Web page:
Monday, October 24, 2005
Expecting the Unexpected
Earlier today, Takasago Thermal Engineering Co. Ltd. (Quick Code #1969) revised earnings estimates significantly lower. Prior to the revision, there was little disagreement amongst the six or so analysts (+/- 10% from the mean) for both FY06 and FY07. The stock price may open down as investors react to the news, but it's already reasonably cheap on a number of metrics, and so although it may get cheaper, it probably won't be a catastrophe. I can't say I am emotionally attached one way or the other (though as a matter of disclosure I am short a little bit of the stock).
What I do care about, however, is that one of the big-three brokers had the audacity to proclaim "DOWNWARD REVISION TO 1H RECURRING PROFIT NOT SURPRISING". Umm, excuse me? It sure seemed to surprise the company (-25% from THEIR previous expectation). And it sure seemed to surprise the consensus of security analysts who ostensibly are supposed to have their collective fingers on the pulse of the business. And it even seemed to surprise the knowing analyst who proclaimed he wasn't surprised, since the 1H results were below his own stated forecasts. Maybe there was a translation problem here, an "engrish-ism" as the some less culturally sensitive gaijin like to call them Or a cultural difference. Or maybe he really didn't mean what he said, which is an increasingly common and understandable occurrence that could happen to almost anyone. In fact, it recently happened to President Bush in one of his early post-Katerina visits to New Orleans with then-FEMA director Brown, when to the press, the obviously embarrassed FEMA chief, and in fact the whole world he blurted out : "Brownie.....yer umm errrr doin' one heckuva job....", when what he really meant was "Jesus Christ this whole city smells 'o sh*t worse 'an a port-a-john atta west-Texas Chili Contest.....now where 's that damn Presidential Whirlygig??" We all make occasional slips of the tongue.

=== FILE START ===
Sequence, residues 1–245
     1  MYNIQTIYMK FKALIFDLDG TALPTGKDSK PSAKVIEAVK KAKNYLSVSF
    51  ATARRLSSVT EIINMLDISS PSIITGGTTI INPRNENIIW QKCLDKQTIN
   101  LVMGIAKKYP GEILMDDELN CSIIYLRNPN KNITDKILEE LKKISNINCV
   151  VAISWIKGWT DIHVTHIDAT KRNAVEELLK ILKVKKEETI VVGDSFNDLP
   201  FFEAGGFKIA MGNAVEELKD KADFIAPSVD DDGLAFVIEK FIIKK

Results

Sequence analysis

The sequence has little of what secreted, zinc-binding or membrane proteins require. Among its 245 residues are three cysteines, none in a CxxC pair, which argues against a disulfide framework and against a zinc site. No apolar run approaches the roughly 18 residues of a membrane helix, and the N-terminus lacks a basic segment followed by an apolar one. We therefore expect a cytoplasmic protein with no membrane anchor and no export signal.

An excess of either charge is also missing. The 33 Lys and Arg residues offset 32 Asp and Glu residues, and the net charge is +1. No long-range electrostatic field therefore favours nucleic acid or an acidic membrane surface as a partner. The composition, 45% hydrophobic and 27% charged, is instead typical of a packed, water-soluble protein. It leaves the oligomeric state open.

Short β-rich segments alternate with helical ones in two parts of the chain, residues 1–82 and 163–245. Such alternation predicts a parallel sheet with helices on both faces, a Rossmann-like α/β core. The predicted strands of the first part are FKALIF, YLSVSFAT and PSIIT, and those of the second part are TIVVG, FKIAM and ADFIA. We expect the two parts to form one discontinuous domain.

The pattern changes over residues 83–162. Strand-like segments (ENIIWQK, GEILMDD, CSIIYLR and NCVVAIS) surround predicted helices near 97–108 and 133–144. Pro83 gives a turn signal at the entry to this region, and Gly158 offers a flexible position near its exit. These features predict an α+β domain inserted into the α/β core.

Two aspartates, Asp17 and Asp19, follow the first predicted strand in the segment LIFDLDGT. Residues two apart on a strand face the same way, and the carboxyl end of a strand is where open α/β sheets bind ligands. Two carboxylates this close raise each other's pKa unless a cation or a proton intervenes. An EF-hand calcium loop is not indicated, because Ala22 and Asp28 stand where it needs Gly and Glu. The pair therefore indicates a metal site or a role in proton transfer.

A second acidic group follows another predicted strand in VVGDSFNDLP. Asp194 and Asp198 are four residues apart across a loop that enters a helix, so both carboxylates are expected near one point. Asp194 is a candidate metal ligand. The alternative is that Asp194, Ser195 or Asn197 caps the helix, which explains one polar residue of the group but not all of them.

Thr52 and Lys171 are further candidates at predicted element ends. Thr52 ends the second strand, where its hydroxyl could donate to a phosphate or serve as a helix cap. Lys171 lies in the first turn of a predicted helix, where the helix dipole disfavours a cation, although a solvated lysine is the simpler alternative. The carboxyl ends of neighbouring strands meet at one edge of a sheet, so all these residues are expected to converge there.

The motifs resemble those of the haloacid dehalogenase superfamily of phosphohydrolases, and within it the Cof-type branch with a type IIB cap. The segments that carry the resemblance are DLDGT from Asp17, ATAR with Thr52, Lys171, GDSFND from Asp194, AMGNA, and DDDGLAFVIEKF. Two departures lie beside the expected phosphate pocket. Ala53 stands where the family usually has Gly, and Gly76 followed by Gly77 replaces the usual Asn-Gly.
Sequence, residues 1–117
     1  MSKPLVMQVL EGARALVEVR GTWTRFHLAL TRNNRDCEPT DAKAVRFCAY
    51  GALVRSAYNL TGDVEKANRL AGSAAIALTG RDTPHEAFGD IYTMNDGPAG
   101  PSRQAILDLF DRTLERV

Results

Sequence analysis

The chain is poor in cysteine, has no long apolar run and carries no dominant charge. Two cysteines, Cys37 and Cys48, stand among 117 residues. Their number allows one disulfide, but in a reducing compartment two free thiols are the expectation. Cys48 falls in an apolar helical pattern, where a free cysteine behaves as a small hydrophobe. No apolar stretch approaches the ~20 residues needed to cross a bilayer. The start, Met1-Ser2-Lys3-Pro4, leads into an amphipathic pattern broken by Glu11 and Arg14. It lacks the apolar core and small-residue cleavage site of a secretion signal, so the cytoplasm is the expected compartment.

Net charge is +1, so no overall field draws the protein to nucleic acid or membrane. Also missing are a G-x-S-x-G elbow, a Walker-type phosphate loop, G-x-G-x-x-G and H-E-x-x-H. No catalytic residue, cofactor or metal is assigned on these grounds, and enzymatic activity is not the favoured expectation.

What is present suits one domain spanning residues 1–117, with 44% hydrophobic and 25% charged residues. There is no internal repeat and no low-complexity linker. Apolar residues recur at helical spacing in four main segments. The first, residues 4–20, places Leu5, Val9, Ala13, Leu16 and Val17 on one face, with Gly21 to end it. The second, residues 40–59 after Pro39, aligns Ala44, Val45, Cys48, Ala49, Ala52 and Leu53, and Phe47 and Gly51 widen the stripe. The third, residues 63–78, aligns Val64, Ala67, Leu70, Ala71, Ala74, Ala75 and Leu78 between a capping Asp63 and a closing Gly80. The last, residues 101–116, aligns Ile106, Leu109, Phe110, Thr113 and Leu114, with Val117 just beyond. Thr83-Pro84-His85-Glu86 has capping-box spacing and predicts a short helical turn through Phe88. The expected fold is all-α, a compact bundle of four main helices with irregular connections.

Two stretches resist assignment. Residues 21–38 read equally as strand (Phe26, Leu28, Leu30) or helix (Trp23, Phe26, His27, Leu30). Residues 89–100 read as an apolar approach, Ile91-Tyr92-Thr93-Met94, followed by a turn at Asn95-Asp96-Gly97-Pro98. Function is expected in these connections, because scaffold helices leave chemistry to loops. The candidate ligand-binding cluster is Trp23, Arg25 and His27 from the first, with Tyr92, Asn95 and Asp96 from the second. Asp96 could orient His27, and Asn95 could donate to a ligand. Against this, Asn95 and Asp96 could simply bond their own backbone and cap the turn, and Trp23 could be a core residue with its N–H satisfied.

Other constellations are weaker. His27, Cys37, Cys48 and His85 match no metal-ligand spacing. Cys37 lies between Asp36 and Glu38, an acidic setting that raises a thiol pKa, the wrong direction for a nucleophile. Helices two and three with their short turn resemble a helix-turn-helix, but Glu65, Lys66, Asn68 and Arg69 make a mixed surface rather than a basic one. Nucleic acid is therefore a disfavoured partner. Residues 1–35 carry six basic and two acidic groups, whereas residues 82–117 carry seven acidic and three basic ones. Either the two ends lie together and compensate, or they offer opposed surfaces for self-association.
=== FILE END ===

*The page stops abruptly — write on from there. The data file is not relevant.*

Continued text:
But in regards to said analyst's proclamation, my view is crystalline on this: it is linguistically impossible for a company revise down from previous forecasts (where the company, the consensus, and the analyst are on the same page) without it being "a surprise". Hindsight is one thing, but to say it wasn't "a surprise, well THAT'S cheating! For it becomes recursive: if it wasn't a surprise, then one needn't revise down because it would have been expected. Call me pedantic....